3.Nb3 Bxc8

The Bishop is trapped here on the a6-c8 diagonal. If 3...Ke3 4.Nb6 Kf4 5.Nc5 Be2 6.Nxe6+ +-;

4.Kc7! Kc4!

4... Ba6? 5.Nc5+! is a winning fork; 4...e5 5.Kxc8 +-;

5.Na5+ Kb5

6.Nc6 Ba6

6...Kc5 7.Bf8+ (7.Kxc8?? Kxc6=) 7...Kb5 8.Na7+ Kc4 9.Nxc8 wins;

7.Nb8! Ka5

8.Bc3+ Kb5

9.Bd2! ...

White can still go wrong and allow the Black Bishop to escape: 9.Be1? e5 10.Bd2 e4 11.Be1 e3 12. Bc3 Kc4=;

9... e5

Black will soon run out of moves with the pawn and will have to bow to the inevitable loss of the Bishop.

10.Be1 e4

11.Bd2 e3

12.Bxe3 Ka5

The ending BNvB is usually drawn but here we have a clever exception. The Black Monarch will be forced to relinquish its protection of the Bishop.

13.Bd2+ Kb5

14.Be1 Kc4

15.Nxa6 wins. 

A wonderful example of the endgame composers art.


8X8 Basic Endings for Success

 

 

 

 

 

 

Em. Lasker vs Steinitz

WC, Moscow, 1896 

White to play and WIN

After 1.g4! was played Black resigned. Steinitz had no wish to test Lasker's superb knowledge of basic endgames. Notice how the White Rook cuts off the enemy King from the g-pawn. The Black Rook is forced to give up control of the e-file because it has to track the g-pawn. White will achieve the winning Lucena position as follows: 1...Kd4 2.g5 Rg1 3.Ke6 Ke4 4.Ra5 Kf4 5.Kf6 Ke4 6.g6 Rf1+7.Kg7 Rh1 8.Kg8 Rh2 9.g7. White will now win in Lucena style by building a bridge with his Rook so that the King can escape and the pawn can queen.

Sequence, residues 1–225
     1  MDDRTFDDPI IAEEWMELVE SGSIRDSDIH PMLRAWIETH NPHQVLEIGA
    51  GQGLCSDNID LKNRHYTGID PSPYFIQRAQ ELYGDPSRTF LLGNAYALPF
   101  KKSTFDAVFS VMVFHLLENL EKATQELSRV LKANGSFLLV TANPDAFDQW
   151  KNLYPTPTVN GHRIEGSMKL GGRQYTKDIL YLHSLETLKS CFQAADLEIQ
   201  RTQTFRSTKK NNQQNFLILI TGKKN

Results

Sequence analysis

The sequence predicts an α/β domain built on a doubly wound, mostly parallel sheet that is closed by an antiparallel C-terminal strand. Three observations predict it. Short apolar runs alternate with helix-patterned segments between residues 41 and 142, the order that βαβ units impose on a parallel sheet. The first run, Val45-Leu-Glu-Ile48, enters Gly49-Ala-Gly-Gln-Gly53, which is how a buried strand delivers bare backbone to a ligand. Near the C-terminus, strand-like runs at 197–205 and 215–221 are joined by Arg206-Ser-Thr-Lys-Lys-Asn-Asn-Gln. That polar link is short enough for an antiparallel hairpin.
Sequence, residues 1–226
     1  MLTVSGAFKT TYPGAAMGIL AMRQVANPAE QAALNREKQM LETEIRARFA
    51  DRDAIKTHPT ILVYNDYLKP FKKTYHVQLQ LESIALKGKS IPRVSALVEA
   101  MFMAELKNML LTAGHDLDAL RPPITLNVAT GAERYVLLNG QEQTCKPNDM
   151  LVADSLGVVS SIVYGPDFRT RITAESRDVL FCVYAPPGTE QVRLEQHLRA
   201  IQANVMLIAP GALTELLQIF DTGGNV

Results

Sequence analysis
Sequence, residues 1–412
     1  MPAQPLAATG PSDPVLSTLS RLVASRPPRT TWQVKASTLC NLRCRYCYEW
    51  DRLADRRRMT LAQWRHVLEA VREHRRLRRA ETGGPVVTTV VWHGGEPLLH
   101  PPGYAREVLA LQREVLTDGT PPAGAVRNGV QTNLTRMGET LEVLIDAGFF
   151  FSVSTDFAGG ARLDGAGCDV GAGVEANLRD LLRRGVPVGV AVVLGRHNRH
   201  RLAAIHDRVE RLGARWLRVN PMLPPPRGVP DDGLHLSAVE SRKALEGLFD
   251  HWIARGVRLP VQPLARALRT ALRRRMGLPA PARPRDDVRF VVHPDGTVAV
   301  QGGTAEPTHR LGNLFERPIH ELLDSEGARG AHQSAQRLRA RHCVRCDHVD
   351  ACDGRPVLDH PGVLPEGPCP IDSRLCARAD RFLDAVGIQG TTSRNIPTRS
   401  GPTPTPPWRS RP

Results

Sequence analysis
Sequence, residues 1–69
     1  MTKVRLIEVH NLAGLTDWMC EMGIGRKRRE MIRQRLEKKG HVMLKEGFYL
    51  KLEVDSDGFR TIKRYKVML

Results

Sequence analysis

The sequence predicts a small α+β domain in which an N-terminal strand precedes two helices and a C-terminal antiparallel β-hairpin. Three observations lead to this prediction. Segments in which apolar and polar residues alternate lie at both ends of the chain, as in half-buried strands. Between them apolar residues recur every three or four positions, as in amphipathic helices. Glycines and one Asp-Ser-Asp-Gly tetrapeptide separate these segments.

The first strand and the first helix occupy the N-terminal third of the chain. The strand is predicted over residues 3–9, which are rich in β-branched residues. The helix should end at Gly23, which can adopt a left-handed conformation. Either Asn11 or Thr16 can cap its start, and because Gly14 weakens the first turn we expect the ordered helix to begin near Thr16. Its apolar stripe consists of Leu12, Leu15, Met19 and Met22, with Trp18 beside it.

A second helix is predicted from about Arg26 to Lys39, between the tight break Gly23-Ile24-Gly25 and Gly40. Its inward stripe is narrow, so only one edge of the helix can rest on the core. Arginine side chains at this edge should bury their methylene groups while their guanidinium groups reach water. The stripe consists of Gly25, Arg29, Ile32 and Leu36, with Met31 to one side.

I would like to briefly summarise the type of endings found on the site. These are; (a) Basic endings. (b) Practical chess endings. (c) The Endgame study.

All these are interrelated and important and you cannot understand (b) or (c) without a knowledge of (a).

(a) Basic Endings. These are theoretical positions in which we know the correct result with optimum play by both sides. They may consist of three pawns or less and also include all the non-pawn and five piece endings which have now been extensively analysed by computer and of which we have tablebases. In the days when we had adjournments some of these endings could be looked up in text books to give us some idea how to play the position. As we no longer can do this, knowledge and memory of these endings has become important in practical play. Fundamental Chess Endings (2001) by Muller and Lamprecht and Basic Endings (1992) by Balashov and Prandstetter and the earlier A Pocket Guide to Chess Endgames (1970) by David Hooper are good introductions to these endings.